Incorporating high standards for a company’s environmental impact, social values, and corporate governance can generate meaningful returns for shareholders
Responsible investing has evolved in the past decade to encompass strategies ranging from socially responsible investing (SRI) to proactively executed impact investing. ESG (environmental, social, and governance) is one such strategy of a more modern vintage. One criticism that ESG and other responsible investing strategies face is the perception of underperformance. Empirical results show ESG investing not only lives up to the performance of conventional fund benchmarks, but that it has the potential to outperform them.
ESG investing not only lives up to the performance of conventional fund benchmarks, but it has the potential to outperform them.
Early Negative Impressions Slowly Reversing
The impression of assumed underperformance around responsible investing came from the early days of socially responsible investing, especially within “green” focused strategies. SRI investment strategies typically used only negative screening to exclude companies or industries that didn’t align with sometimes myopic personal values or ethical guidelines. In the process, such strategies frequently sacrificed diversification and fiduciary duty to SRI-imposed strictures. The result was imbalanced portfolios that were heavy in small and early-stage technology companies. Therefore, they may have been socially responsible, but they were also non-diversified, higher-risk portfolios. Moreover, they eventually underperformed the indexes to the detriment of investors, who felt good about their strategies but were left with little to show for their efforts. This left a negative impression not only of SRI but of any investing strategies that incorporate non-financial factors.
Attitudes are changing, however, as more attention—and data—heighten appreciation for the dynamic nature of the ESG space. For example, a growing body of research suggests that performance of more developed, well-conceived strategies often perform in line with, or even outperform, conventional indexes. One study combined the results of 60 empirical reports that compared the performance of SRI funds against their non-SRI peers. The result showed significant alignment in the performance of SRI funds with that of their peer group (see Figure 1).1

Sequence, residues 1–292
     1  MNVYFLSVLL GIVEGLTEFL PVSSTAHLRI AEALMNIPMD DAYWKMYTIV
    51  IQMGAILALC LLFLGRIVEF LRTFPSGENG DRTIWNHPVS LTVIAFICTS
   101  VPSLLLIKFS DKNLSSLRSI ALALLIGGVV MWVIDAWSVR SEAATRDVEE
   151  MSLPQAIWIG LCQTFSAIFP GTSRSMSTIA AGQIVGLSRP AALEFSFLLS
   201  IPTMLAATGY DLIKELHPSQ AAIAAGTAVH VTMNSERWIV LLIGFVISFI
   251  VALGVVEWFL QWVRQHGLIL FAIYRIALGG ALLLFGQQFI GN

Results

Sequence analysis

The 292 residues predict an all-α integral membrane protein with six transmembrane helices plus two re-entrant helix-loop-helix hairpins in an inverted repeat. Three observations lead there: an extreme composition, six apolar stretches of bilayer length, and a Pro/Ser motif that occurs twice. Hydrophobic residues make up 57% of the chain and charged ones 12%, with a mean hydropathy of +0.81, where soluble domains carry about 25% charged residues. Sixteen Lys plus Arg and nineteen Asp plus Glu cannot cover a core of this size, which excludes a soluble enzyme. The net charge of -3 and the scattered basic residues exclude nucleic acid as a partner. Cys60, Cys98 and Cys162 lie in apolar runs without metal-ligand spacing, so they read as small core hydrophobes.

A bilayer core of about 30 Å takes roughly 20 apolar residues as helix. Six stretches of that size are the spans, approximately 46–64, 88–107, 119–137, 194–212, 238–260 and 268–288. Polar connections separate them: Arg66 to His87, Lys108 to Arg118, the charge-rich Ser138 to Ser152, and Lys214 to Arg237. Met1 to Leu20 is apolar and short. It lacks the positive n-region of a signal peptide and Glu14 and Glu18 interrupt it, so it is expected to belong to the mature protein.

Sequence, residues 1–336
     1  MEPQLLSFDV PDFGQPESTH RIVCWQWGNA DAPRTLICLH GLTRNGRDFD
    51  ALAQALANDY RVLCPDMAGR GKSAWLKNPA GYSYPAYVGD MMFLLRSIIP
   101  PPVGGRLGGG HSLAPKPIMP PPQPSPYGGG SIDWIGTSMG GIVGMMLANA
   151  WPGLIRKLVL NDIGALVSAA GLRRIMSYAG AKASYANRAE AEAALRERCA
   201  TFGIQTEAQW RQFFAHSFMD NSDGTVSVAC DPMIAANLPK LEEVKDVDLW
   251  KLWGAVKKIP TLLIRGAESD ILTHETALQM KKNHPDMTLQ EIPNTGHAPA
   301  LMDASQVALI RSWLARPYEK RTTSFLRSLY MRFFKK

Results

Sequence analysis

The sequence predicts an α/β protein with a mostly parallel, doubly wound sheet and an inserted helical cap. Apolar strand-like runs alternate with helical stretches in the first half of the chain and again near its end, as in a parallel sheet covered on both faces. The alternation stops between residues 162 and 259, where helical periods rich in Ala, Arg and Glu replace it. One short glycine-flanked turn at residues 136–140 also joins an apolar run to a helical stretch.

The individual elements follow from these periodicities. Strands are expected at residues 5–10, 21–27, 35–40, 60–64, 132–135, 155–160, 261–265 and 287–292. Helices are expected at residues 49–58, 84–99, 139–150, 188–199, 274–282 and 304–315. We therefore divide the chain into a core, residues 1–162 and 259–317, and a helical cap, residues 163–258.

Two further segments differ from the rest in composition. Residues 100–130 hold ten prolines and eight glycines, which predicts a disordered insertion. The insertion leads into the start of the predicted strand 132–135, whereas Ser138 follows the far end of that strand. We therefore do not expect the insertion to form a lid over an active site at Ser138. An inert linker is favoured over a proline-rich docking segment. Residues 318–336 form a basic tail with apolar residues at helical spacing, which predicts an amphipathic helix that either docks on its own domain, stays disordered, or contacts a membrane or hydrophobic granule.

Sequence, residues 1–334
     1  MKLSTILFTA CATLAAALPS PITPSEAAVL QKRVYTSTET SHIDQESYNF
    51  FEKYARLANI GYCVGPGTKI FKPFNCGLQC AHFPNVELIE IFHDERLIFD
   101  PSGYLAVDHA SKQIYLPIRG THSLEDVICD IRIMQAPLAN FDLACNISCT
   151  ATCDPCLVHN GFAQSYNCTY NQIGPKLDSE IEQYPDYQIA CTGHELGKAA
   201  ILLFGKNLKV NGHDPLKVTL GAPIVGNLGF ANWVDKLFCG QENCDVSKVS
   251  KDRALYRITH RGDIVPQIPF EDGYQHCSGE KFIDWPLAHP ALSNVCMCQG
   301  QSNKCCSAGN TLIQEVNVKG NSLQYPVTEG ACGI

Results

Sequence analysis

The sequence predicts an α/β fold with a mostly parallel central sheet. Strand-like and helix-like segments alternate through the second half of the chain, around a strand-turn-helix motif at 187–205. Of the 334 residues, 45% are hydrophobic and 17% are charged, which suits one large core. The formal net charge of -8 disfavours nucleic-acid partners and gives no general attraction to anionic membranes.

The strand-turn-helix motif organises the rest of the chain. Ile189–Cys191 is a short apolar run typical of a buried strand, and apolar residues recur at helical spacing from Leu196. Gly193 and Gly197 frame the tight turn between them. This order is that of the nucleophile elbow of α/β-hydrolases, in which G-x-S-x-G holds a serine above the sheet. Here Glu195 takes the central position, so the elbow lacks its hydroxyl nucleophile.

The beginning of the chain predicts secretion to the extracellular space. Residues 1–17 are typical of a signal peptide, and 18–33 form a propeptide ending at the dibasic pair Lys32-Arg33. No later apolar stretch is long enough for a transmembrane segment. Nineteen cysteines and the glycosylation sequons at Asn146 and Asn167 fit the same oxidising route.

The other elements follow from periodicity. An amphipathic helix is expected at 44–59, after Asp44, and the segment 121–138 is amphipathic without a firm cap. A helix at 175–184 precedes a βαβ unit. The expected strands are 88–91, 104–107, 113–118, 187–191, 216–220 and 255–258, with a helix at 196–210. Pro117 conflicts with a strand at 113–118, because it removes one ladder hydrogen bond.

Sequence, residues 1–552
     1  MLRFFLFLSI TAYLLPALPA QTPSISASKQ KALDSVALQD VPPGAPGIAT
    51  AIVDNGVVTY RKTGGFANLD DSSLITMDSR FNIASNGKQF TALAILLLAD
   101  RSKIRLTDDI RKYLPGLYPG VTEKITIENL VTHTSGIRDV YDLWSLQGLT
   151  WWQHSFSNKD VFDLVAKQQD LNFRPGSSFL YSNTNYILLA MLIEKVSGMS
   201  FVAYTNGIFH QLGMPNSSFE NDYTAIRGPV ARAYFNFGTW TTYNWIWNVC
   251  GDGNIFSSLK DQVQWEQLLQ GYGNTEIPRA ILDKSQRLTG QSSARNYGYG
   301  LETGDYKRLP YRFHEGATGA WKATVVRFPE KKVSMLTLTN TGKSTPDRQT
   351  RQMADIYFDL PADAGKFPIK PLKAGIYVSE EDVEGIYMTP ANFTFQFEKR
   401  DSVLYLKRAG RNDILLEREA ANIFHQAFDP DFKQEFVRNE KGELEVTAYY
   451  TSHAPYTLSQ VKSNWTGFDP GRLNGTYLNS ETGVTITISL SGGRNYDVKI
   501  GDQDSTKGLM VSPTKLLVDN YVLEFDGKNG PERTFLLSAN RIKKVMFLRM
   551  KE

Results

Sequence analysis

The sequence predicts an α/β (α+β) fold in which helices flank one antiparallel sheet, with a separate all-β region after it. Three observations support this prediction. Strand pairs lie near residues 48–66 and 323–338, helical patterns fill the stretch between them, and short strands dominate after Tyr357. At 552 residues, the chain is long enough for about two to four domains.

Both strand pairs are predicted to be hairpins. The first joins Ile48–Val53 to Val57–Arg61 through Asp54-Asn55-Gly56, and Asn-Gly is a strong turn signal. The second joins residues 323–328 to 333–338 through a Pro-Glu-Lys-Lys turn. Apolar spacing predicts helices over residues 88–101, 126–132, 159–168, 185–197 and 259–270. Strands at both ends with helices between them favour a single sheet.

Figure 1 | Academic Evidence on SRI Looks Mostly Aligned, but Far Better than 20 Years Ago Studies on the Performance of SRI Funds Versus Non-SRI Funds Number of Papers Reaching Each Conclusion, 1990 through Early-May 2014
Today, traditional (“negative screening”) SRI fund returns align with conventional funds. The few that outperform typically apply “positive” screens to stock selection.
Source: “ESG and Stock Selection,” Rochester H. Cahan, cfa. Empirical Research Partners (2015). Past performance does not guarantee future results.
This is surprising, given that SRI strategies may summarily side-step potentially rewarding companies, even whole sectors, using negative screens. What is encouraging, however, is the fact that this is a quantum leap from where they were 20 years ago. As the space evolves—and differentiating approaches emerge— opportunities will abound for significant outperformance. To this point, a few SRI strategies in the study outperformed, strongly suggesting that some can find their way into outlier territory based on their unique approaches.
Does focusing on the “good” in companies always have to translate to “bad” returns? The tide is turning there too. Empirical evidence is building that one does not have to accept underperformance as the inevitable fallout of investing by one’s values. It would appear that a well-conceived strategy based on the principles of sustainability may actually lead to outperformance over the long run.
There are a number of studies that have focused on the relationship between ESG factors and investment performance over several decades.
Figure 2 | Summary of Individual Academic Studies Studies Analyzing ESG Ratings and Correlation with Cost of Capital or Market/Financial Performance at the Securities Level (positive, neutral, mixed, and negative) 0 3 6 9 12 15 Mixed Negative Positive Neutral Cost of Capital Market-based Performance Accounting-based Performance 14 15 10 2 1 1 1 Source: Fulton, Mark and Kahn, Bruce M. and Sharples, Camilla, Sustainable Investing: Establishing Long-term Value and Performance. Note: Only includes individual academic studies looking at securities and funds (i.e. not included were literature reviews or meta-studies, which are included in other conclusions as part of the larger study cited).
One among them is a meta-study conducted in 2012.4 It took into account more than 100 academic studies, 56 research papers, two literature reviews and four other meta-studies.